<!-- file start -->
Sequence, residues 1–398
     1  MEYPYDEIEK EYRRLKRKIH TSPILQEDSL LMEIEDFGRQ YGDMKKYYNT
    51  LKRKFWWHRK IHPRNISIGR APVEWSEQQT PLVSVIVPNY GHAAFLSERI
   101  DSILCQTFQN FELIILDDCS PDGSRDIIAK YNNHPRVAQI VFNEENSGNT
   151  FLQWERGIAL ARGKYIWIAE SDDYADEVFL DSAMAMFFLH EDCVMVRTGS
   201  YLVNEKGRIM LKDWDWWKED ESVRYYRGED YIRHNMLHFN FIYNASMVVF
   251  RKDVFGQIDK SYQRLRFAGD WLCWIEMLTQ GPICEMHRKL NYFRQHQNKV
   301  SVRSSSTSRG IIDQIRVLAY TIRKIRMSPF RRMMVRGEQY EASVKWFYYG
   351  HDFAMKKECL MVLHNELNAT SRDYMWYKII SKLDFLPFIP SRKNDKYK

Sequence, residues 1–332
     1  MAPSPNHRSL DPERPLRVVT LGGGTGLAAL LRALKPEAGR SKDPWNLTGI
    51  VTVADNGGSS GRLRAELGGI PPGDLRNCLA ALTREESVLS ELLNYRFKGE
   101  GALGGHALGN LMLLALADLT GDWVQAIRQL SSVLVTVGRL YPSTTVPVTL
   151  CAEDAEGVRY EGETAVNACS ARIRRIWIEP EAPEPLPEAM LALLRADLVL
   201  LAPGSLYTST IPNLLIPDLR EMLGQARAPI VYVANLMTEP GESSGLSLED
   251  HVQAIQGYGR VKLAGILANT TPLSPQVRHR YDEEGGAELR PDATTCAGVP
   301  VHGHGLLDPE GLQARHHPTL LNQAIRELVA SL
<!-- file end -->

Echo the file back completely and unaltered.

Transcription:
Sequence, residues 1–398
     1  MEYPYDEIEK EYRRLKRKIH TSPILQEDSL LMEIEDFGRQ YGDMKKYYNT
    51  LKRKFWWHRK IHPRNISIGR APVEWSEQQT PLVSVIVPNY GHAAFLSERI
   101  DSILCQTFQN FELIILDDCS PDGSRDIIAK YNNHPRVAQI VFNEENSGNT
   151  FLQWERGIAL ARGKYIWIAE SDDYADEVFL DSAMAMFFLH EDCVMVRTGS
   201  YLVNEKGRIM LKDWDWWKED ESVRYYRGED YIRHNMLHFN FIYNASMVVF
   251  RKDVFGQIDK SYQRLRFAGD WLCWIEMLTQ GPICEMHRKL NYFRQHQNKV
   301  SVRSSSTSRG IIDQIRVLAY TIRKIRMSPF RRMMVRGEQY EASVKWFYYG
   351  HDFAMKKECL MVLHNELNAT SRDYMWYKII SKLDFLPFIP SRKNDKYK

Sequence, residues 1–332
     1  MAPSPNHRSL DPERPLRVVT LGGGTGLAAL LRALKPEAGR SKDPWNLTGI
    51  VTVADNGGSS GRLRAELGGI PPGDLRNCLA ALTREESVLS ELLNYRFKGE
   101  GALGGHALGN LMLLALADLT GDWVQAIRQL SSVLVTVGRL YPSTTVPVTL
   151  CAEDAEGVRY EGETAVNACS ARIRRIWIEP EAPEPLPEAM LALLRADLVL
   201  LAPGSLYTST IPNLLIPDLR EMLGQARAPI VYVANLMTEP GESSGLSLED
   251  HVQAIQGYGR VKLAGILANT TPLSPQVRHR YDEEGGAELR PDATTCAGVP
   301  VHGHGLLDPE GLQARHHPTL LNQAIRELVA SL